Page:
Independent Spirit, Part 4: Guitar Aficionado Profiles Olson Guitars

September 6th, 2012

By Chris Gill

Jim Olson was one of the first independent luthiers to specialize in acoustic steel-string guitars, having established his shop in 1977. Even so, his business didn’t start to gain momentum until 1991, when James Taylor appeared on the cover of Acoustic Guitar magazine holding one of Olson’s instruments. “James had toured with three of my guitars since 1989, but no one seemed to notice them,” Olson recalls. “After that article appeared, people started to call me and the orders started to come in.”

Today, Olson offers four models — SJ (small jumbo), Jumbo, Dreadnought and Parlor — but the majority of the guitars he makes are the SJ model.

“The SJ was inspired by an old Guild guitar,” he says. “I tried to reduce their 17-inch jumbo to 15 inches while retaining a similar body shape, with a tight waist and rounded bottom. James Taylor, Dave Wilcox, Leo Kottke and Phil Keaggy all play SJ models, and that’s what most of my customers want.”

Many fingerstyle players favor Olson guitars for their exceptionally responsive characteristics. Olson says that’s a result of several important elements, including a cedar top, light construction, and his distinctive bracing pattern.

“A violin maker I knew who was either manically insane or incredibly brilliant showed me how he tapped the wood to hear where the f-holes and braces should go. I had him come over and tap out where he thought I should put my braces. When I made my first cedar-top guitar, I used his bracing placement, which had a much wider X and different placement for the transverse bars. The bracing provides more peripheral overtones and less fundamental tones, what some would call a ‘new age’ sound. If a customer wants a different sound, I’ll vary the guitar’s weight instead of moving braces around. For example, if you want a brighter sound, you get a stiffer top.”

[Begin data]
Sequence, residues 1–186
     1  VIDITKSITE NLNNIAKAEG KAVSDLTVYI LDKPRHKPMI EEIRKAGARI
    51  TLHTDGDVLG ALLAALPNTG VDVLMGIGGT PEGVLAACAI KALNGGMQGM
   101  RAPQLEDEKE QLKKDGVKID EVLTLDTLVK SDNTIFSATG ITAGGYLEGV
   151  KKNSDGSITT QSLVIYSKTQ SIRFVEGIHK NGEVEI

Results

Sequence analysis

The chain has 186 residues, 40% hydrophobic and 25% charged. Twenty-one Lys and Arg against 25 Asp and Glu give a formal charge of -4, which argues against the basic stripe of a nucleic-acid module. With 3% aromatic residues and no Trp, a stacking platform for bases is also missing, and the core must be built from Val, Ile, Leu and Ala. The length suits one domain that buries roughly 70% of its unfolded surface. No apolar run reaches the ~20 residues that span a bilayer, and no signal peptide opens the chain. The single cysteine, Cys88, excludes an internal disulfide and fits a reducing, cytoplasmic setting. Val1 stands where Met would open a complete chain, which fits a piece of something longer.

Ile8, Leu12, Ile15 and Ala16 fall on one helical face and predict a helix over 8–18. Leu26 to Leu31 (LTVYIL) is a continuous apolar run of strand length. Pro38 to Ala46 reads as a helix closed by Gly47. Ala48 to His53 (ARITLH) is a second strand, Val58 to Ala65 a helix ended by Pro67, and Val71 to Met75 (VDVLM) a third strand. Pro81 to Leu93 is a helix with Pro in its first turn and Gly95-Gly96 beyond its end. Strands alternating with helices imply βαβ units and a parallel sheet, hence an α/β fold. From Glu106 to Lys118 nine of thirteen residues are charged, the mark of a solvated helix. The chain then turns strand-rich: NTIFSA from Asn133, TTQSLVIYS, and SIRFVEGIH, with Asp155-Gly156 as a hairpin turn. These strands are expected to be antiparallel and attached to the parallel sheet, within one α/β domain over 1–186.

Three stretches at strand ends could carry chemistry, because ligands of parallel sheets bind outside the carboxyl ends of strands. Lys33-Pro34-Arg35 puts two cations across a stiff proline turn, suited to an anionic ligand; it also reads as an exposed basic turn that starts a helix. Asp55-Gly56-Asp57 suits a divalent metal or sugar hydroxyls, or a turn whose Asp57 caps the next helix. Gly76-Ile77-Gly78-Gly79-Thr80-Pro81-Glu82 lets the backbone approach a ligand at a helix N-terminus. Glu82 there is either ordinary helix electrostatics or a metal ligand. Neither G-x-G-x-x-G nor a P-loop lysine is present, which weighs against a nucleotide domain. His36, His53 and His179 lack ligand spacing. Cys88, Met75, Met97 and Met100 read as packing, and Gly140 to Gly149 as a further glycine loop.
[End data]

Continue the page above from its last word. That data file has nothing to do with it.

While Olson’s $12,500 entry price is higher than many other independent luthiers’ starting prices, it includes a wide variety of options that he tailors to each buyer’s preference. Some are available at an additional cost; among them are Brazilian rosewood back and sides (which Olson now only sells and ships domestically due to the Lacey Act) and intricate custom inlays that he or Larry Robinson create. Olson builds a single run of approximately 40 guitars annually, delivering the instruments after a construction period of about nine months.

“It’s a huge job, but in the long run it saves me a ton of time,” Olson says. “It’s gratifying to get lost in my work. It’s still exciting for me to focus on building guitars.”

Annual Production: 39 guitars
Starting Price: $12,500
Average Price: $12,500 (Brazilian rosewood models start at $18,000)
Notable Players: James Taylor, David Crosby, Leo Kottke and Phil Keaggy

  • Christopher Chapman

    I played an Olson which was for sale on consignment at Elderly Music in Michigan. On a busy holiday shopping day nearly every person stopped to listen to me play that Olson.I received my new Olson SJ this week. The craftsmanship may be second to none but it is the sound that is absolutely breathtaking. It is the same feeling as playing a Stradivarius for the first time.One never forgets.

  • Gene S. Carpio

    First time I saw this beautiful SJ guitar,
    I started to think of withdrawing my retirement savings.Whhoooaa.Just fell in love with it. JT is one of my favorite artist, from You’ve got a friend to David Crosby.Maybe someday, God’s willing I going to have or just even touch and play “my SJ”.Long Live Jim Olson!!!